Interns, Sexual Harassment and the Law

With successive cases of sexual harassment of interns coming out of the woodwork, it is helpful to look at the kind of policies India has in place against sexual harassment at the workplace, and how these apply to interns. There is indeed a specific law to prevent and deal with sexual harassment at the workplace – it is called The Sexual Harassment of Women at Workplace (Prevention, Prohibition and Redressal) Act, 2013.

Intern Sexual Harassment

Are my employer and I covered under this Act?

The good news is that the act covers all women, whether employed or not. It also mentions that trainees and apprentices are covered. Employers are defined as all organizations and undertakings, public and private. Even places visited by the employee as part of her work, and transportation provided by the organization, are covered. The bill covers the unorganized sector and establishments employing less than 10 people as well.

What is defined as sexual harassment?

In short, the Act defines three kind of sexual harassment: promising or threatening preferential or detrimental treatment in employment, respectively ; interference with work and creating a hostile work environment ; meting out humiliating treatment likely to affect the woman’s health or safety.

What is my employer required to do?

  1. Your employer is required to set up an Internal Complaints Committee headed by a woman employee . They are required to do this in writing . (Section 4 of the Act)
  2. They are required to, rather vaguely, “provide a safe working environment”.
  3. They must, at a visible place in the office, display the penal consequences of sexual harassment and the fact that a committee exists
  4. They must organize awareness programs. Employers are liable to pay a fine of up to Rs. 50,000 for failure to comply with the above.

What is my government required to do?

Your local government  is also required to set up a complaints committee for cases where an organization might not have a committee. (Section 5 of the Act)

How does the complaint mechanism work?

Complaints must be submitted in writing (if possible) to the committee . They will first attempt conciliation between the woman and the accused. However, they are not allowed to make a monetary settlement at this stage. If that does not work, they initiate an inquiry into the matter. The identity of the woman is not to be disclosed to the public. Action can be taken against the woman if it is established that made a false complaint with malicious intent, but lack of proof is not enough to prove malicious intent.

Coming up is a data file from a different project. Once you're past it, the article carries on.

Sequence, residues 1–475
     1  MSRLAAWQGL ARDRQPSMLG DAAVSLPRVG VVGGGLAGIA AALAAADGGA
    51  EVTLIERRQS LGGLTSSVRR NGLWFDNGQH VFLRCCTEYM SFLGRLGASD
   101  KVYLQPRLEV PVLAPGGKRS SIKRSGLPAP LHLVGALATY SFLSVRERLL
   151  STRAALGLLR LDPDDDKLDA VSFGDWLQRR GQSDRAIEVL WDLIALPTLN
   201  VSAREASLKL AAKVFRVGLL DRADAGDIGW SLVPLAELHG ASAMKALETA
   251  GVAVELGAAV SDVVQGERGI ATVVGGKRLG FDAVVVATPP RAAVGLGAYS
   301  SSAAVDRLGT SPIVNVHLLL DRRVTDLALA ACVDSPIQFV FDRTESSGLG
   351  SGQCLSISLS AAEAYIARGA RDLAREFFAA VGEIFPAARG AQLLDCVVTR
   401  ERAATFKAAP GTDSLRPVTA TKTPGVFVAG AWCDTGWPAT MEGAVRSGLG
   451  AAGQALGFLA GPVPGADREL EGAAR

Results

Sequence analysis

What happens if an offence is proved?

  1. The offences under this act are non-cognizable, which means that a police officer cannot arrest an accused without orders from a court .
  2. The committee can decide to deduct a certain amount from the salary of the accused and pay it to the woman, or directly order him to pay.
  3. The woman can choose the criminal prosecution route lodge a police complaint, in which case the employer is required to provide her assistance.

What about men?

The Act does not cover men as victims at all. The issue of gender neutrality in sexual harassment laws has been debated wildly, and the crux of this debate is the interest of fairness on one side and the fears of misuse by already powerful men on the other side. Far from covering sexual harassment of men by women, the Act does not even cover harassment of men by men – both serious oversights, in my opinion.

How do we compare to other countries?

Legally, we’re doing quite well – apart from, of course, the exclusion of men. There aren’t any major loopholes in the Act about employees and employers, and there is actually a monetary punishment for not forming a committee. According to New York City law, for example, unpaid interns are not covered by the law against sexual harassment at the workplace. We’ve at least covered that – now it’s time to draw your employer’s attention toward the Act and get a committee constituted.

The complete Act:

Image taken from:

Jaai Vipra

About author: – Jaai Vipra studies economics, loves law and is married to the Arts. A year-long stint with Internshala makes her want to keep coming back and so we let her write articles for us sometimes.

You may also like

Leave a Reply

Your email address will not be published. Required fields are marked *